Well, that’s that for another year, and not a moment too soon. Christmas I mean.

What a monumental waste of money, emotion and resources.

That’s not me going all ‘bah humbug’ (well actually I suppose it is), but I think I have some valid reasons why we should all row back a bit on Christmas.

So here are a few of them:

  • It’s an environmental disaster

Consider yourself an eco-warrior? Well Christmas isn’t for you. Just think of all that waste. There’s wrapping paper that lasts for a couple of minutes before ending up in the bin; the diesel miles from the delivery vans dropping off those boxes that have the big faux smiles on them; all those people adding to the world’s CO2 travelling around the county to spend a couple of days with their families and let’s not forget all the trees that are chopped down to spend a couple of weeks slowly dying in your front room.

  • Christmas songs are truly rubbish

Having a Christmas hit may be the gift that keeps on giving for the person who wrote it (just think about Slade’s Merry Xmas Everybody which is said to earn more than £500,000 a year in royalties) but for the rest of us it’s torture. Yes, I love Fairytale of New York. I love it the first time I hear it each year and maybe the second or third but by the time Christmas is over, I really wish the Pogues had never met Kirsty MacColl.

Just as an aside, while doing some research for this, I came across the staggering news that the song Jingle Bells isn’t a Christmas tune at all. According to the Guardian, Jingle Bells was written by American James Pierpont in 1857. Originally called One Horse Open Sleigh, it’s about Thanksgiving.

Apparently, if you get to the second verse, which is never sung at a British carol concert, you would see just how not a Christmas song it is.

  • Over-indulgence 1

Eating too much is a very big part of Christmas, and that in itself is a good reason to tone things down a little. Just think about the obesity problem for a minute? Christmas is a disaster for those of us who can’t resist another After Eight or that second helping of Christmas pudding

  • Over-indulgence 2

Oh yes, it’s drinking too much alcohol. I’m really struggling to come to terms with how the concept of getting legless at the office Christmas party marries with ‘peace and goodwill to all men’.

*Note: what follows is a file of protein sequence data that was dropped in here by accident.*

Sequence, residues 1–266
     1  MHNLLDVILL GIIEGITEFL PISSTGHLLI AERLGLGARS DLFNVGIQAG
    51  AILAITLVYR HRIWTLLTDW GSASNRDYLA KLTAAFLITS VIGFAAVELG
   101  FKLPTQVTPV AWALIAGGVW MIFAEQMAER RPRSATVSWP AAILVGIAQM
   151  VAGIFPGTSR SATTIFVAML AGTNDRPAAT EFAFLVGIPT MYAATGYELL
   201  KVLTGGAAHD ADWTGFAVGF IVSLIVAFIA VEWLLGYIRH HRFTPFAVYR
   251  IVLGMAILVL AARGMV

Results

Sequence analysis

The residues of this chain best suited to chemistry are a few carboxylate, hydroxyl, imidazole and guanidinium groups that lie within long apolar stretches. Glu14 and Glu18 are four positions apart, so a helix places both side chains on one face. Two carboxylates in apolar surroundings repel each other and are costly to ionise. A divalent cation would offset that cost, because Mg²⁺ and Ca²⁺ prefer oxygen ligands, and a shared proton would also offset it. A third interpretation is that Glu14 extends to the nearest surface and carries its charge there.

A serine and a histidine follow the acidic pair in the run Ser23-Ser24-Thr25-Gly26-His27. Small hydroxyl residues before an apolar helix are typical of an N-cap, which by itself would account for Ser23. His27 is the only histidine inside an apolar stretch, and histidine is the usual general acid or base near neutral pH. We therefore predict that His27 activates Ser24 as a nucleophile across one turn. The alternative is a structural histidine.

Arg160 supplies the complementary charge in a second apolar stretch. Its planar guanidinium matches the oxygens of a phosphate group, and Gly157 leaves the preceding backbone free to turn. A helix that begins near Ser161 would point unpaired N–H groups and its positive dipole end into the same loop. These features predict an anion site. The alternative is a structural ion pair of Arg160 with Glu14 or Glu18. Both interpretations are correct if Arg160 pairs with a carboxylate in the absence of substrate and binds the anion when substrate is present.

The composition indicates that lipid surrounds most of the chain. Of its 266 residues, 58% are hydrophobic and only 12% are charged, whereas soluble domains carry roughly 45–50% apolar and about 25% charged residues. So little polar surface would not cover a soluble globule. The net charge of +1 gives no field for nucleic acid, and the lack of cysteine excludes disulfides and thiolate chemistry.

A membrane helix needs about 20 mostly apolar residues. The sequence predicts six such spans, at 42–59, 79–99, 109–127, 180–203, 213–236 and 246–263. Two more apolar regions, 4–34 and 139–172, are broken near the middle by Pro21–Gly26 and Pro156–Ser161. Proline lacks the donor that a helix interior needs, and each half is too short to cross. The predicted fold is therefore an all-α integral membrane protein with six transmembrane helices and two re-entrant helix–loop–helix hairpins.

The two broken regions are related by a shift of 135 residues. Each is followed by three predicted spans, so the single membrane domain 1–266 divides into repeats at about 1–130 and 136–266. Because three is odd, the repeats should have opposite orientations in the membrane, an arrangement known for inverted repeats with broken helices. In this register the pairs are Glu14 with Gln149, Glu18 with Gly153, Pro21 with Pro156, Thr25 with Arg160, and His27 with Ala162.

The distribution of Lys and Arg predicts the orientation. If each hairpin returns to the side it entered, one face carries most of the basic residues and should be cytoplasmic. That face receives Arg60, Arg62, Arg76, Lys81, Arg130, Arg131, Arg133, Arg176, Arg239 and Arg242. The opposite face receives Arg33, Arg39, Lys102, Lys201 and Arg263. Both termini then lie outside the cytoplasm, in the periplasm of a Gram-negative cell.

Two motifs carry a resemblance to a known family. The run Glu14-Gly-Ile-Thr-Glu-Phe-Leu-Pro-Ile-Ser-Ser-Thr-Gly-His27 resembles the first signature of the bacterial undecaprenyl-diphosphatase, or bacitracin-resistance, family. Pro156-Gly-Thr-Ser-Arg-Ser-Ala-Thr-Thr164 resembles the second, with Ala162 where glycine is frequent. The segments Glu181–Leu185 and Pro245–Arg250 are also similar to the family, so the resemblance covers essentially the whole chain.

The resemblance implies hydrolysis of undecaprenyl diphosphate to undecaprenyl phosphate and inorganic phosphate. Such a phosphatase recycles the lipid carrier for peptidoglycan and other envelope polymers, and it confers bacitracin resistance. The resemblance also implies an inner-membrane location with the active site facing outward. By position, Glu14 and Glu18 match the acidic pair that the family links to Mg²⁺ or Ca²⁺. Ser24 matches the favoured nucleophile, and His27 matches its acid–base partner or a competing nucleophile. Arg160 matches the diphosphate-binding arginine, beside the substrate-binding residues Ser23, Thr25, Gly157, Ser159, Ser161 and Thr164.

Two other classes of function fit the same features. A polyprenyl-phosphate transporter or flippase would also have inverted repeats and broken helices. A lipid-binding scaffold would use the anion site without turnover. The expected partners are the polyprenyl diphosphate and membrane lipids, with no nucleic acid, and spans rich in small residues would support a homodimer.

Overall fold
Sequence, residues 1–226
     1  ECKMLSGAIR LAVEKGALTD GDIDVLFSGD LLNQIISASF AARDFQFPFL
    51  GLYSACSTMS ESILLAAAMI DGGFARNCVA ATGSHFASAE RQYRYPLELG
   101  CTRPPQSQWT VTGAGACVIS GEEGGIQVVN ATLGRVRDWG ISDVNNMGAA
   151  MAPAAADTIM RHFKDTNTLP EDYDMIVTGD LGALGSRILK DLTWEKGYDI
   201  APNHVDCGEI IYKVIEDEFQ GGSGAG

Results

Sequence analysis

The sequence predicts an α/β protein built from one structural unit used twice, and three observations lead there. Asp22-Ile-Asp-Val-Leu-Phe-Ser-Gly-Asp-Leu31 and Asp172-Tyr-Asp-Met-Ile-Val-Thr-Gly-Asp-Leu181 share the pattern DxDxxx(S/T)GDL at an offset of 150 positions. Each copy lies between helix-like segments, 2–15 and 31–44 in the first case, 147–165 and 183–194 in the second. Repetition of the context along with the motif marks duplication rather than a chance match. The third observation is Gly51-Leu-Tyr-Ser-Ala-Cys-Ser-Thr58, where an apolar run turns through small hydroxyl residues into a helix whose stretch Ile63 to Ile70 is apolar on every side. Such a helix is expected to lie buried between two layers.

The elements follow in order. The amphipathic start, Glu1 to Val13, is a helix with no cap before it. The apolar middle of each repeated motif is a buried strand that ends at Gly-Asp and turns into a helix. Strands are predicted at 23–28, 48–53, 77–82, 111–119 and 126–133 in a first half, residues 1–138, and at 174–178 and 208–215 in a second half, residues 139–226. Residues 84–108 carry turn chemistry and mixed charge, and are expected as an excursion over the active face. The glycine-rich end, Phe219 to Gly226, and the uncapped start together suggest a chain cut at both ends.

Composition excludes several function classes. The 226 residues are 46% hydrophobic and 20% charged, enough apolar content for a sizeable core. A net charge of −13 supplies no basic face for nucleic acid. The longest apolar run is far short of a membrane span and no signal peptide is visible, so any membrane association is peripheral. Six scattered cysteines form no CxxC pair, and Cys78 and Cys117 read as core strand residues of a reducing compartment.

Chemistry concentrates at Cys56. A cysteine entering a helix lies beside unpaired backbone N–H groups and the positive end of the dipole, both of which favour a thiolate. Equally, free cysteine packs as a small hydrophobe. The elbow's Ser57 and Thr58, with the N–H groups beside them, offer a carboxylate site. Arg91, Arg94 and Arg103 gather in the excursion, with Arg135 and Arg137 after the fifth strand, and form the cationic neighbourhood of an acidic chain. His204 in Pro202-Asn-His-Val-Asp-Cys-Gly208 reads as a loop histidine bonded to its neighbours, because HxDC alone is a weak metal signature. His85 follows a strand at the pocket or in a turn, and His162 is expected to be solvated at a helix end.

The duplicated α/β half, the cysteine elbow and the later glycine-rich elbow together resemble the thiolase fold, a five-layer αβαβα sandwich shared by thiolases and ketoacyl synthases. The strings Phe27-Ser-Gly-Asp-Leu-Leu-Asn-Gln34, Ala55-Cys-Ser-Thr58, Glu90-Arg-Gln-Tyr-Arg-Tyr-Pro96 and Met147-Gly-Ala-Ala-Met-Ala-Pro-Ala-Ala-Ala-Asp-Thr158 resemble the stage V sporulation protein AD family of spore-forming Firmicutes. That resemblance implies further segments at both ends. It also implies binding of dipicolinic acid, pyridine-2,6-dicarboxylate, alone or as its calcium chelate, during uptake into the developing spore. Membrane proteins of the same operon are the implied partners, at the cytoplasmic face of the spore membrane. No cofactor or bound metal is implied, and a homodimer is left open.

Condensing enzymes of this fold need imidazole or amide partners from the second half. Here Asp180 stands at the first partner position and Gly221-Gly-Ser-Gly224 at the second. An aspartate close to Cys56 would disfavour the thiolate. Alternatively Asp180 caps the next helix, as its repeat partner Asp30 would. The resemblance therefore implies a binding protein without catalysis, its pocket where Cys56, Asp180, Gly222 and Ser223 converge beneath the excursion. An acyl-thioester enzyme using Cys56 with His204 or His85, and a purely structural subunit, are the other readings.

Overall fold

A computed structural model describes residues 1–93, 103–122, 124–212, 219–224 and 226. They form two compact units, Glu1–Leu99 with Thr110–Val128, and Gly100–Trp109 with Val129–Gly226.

Those who know me may think I’m being just a little hypocritical here and yes, it’s true I do like the odd tipple, but even so, that doesn’t make it right.

  • Christmas isn’t even our festival

It is is just a Christian version of the Roman festival of Saturnalia which was originally held on December 17. Later it was expanded until it lasted all the way up to December 23. But it never shared a date with Christmas. There was a Roman festival on December 25.

And yes, the British custom of merrymaking and feasting at Christmastide first appears in the historical record during the Middle Ages (c 1100-1300), according to the fount of all knowledge Wikipedia. This almost certainly represented a continuation of pre-Christian midwinter celebrations in Britain.

  • Christmas can affect your mental health

OK, much of what I’ve written is just a little bit tongue in cheek but there is a serious side to it. According to the website mentalhealth.org.uk, while Christmas can be a joyful time of the year, filled with festivities, food, parties and time with loved ones, for some, it can also be one of the hardest times of the year.

Christmas can bring feelings of obligation and over-commitment to social plans. Some people may experience loneliness and isolation.

And for those on restricted budgets, the financial pressures can also be overwhelming.

It’s too late to do anything about it this year, and maybe next year could be different, but somehow I doubt it.

By the way, happy New Year.